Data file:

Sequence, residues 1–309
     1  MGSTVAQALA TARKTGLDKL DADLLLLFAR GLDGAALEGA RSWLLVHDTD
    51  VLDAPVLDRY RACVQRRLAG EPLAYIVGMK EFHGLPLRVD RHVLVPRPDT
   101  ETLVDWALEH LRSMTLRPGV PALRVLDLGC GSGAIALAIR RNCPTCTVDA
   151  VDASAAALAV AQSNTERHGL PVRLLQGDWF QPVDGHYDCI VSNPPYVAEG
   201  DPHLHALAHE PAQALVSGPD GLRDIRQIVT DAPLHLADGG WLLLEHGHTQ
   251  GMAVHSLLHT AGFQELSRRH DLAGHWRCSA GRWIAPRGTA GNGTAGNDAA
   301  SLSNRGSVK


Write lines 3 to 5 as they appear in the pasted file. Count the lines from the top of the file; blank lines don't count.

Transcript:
    51  VLDAPVLDRY RACVQRRLAG EPLAYIVGMK EFHGLPLRVD RHVLVPRPDT
   101  ETLVDWALEH LRSMTLRPGV PALRVLDLGC GSGAIALAIR RNCPTCTVDA
   151  VDASAAALAV AQSNTERHGL PVRLLQGDWF QPVDGHYDCI VSNPPYVAEG